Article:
A Christmas Eve Reveillon

Tuesday December 24, we continue our tradition of offering a Creole Reveillon dinner in the true spirit of New Orleans holiday dining. Through most of the 19th century, Reveillons were held in the homes of the French Quarter’s Creole population, when churchgoers would arrive home after midnight mass famished, ready to break the pre-communion fast. As you might imagine, in the homes of the food & drink-obsessed Creoles of the French Quarter, these dinners came to be many hours long, featuring course after course of unabashed decadence meant at once to celebrate the holiday, as well as break the fast in spectacular fashion, as New Orleanians have always been wont to do.

During the 20th century as the restaurant business developed in the emerging dining capital of the South, the finer restaurants in New Orleans began offering Reveillon menus themselves. After World War II particularly, as the demographics of the Quarter changed in addition to changing mores regarding Catholic Church canon and changing habits among churchgoers, the Reveillon tradition died, only to be revived over the last several years by the city’s white-hot restaurant scene. Dozens of restaurants there now offer Reveillon menus. Our humble dinner at Big Jones seeks to extend that tradition, to give a portrait of a beautiful time and place in New Orleans’ culinary history, to serve the many Louisiana expats who now call Chicago home, and to share our love of Southern hospitality with you in a uniquely seasonal way.

The most common format of Reveillon menus over the span of the tradition has been the Table d’Hote, a fancy name for a dinner of a set number of courses with choices for each course. We’ve opted to offer soup, vegetable, entree, and dessert, and while the scope of this dinner is too limited to revive the whole Creole cookery catalog, we offer you some delicacies both old and new, most importantly there is goose gumbo, game pies, bread pudding, satsumas, stuffed fish with rice dressing, doberge cake, and a handful of other edibles that have graced Reveillon tables for generations. Inspirations for this dinner come primarily from Creole Cookery, an 1885 book by the Christian Women’s League of New Orleans, and Lafcadio Hearn’s La Cuisine Creole, also from 1885. It’s not that long ago, but how exotic much of this food looks today! We can assure you, however, it is as delicious as ever.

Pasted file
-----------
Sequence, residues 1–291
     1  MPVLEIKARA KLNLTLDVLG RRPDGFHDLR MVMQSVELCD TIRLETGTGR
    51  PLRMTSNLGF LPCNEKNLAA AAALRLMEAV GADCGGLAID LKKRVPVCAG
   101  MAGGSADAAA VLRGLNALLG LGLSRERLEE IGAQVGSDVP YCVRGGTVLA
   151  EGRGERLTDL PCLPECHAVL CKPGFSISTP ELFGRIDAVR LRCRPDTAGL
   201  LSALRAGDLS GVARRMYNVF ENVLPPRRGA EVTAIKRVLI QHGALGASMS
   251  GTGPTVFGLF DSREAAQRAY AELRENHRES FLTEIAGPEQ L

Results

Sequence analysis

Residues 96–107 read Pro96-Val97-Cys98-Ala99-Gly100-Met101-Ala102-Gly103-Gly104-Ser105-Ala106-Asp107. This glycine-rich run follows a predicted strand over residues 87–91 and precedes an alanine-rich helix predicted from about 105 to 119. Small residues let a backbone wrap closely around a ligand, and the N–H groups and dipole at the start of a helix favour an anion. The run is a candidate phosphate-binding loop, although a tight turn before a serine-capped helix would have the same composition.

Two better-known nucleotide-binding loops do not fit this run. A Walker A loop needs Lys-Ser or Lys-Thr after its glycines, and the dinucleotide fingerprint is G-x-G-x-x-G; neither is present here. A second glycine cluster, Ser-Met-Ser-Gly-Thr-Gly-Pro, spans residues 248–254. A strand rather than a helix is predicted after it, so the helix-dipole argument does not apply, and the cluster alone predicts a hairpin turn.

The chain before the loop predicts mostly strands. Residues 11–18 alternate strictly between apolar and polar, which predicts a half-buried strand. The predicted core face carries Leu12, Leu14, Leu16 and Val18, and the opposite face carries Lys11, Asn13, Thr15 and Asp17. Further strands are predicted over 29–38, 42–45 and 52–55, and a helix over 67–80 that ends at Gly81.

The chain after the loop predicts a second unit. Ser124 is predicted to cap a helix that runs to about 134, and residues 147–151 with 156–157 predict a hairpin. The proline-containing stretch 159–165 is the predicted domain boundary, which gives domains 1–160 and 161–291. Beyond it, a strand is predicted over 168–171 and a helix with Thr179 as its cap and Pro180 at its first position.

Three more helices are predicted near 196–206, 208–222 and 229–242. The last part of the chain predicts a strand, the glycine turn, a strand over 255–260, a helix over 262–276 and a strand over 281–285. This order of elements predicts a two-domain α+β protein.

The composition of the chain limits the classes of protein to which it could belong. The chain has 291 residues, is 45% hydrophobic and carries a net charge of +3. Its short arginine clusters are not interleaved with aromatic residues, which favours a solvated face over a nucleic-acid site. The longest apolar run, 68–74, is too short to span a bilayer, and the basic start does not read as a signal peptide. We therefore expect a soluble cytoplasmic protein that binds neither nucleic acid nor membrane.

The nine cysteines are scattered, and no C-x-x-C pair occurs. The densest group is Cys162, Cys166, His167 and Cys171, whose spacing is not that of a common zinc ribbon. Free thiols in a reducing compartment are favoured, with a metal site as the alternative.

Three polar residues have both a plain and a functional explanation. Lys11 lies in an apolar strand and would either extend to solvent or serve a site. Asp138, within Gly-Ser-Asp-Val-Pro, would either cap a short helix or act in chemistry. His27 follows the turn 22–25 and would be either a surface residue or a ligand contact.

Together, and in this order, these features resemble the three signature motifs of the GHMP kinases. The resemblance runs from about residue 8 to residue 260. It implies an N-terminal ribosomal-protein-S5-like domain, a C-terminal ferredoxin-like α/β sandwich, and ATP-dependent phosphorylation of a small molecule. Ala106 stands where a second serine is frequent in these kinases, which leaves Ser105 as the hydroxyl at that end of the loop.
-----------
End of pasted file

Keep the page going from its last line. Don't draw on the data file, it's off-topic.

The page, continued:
Please join us for a very special evening. Reservations are very highly recommended, it will sell out in advance.

A Traditional Creole Reveillon

Christmas Eve  December 24, 2013  4—9pm

Table d’hôte, Choose one per course


Hearts of Palm Bisque with Vanilla, Three Sisters Corn Mushrooms, and Homemade Pumpernickel

Coconut & Calf’s Foot Soup with Shrimp and Fingerling Potatoes

Oyster Stew with House 2011 Vintage Country Ham and Buttered Croutons

Bread Service

Homebaked Rustic Black Walnut Bread with House Cultured Butter and Quince Jelly


Roasted & Pickled Beets with Clotted Cream, Absinthe Gems, Frisee, and Celery Salt Croutons

Living Water Farms Butter Lettuce with Green Goddess, Amish Blue Cheese, and Crispy Bacon


Heritage American Buff Goose Gumbo with House-made Chaurice Meatballs
and Arkansas Delta Rice

Creamed Venison Pie with Celery Root, Rutabaga,
and Horseradish Red Wine Jus

Stuffed Rushing Waters Trout with Crawfish Boudin, Cauliflower Puree,
Root Vegetables, and Candied Satsuma

Heirloom Purple Barley “Risotto” with creamy butterbeans, roasted black trumpet mushrooms, Three Sisters Garden Pea Greens, and Brown Butter Fried Pecans


A Traditional Doberge Cake of Chocolate, Lemon, Caramel

Rum & Nutmeg Bread Pudding with Oatmeal Cookie Crumble, Vanilla Bean Ice Cream

Warm Kumquat and Marrow Pudding Pie with Whipped Kilgus Farmstead Cream


Forty-nine dollars per person, twenty per person under age twelve

Please call 773-275-5725 for reservations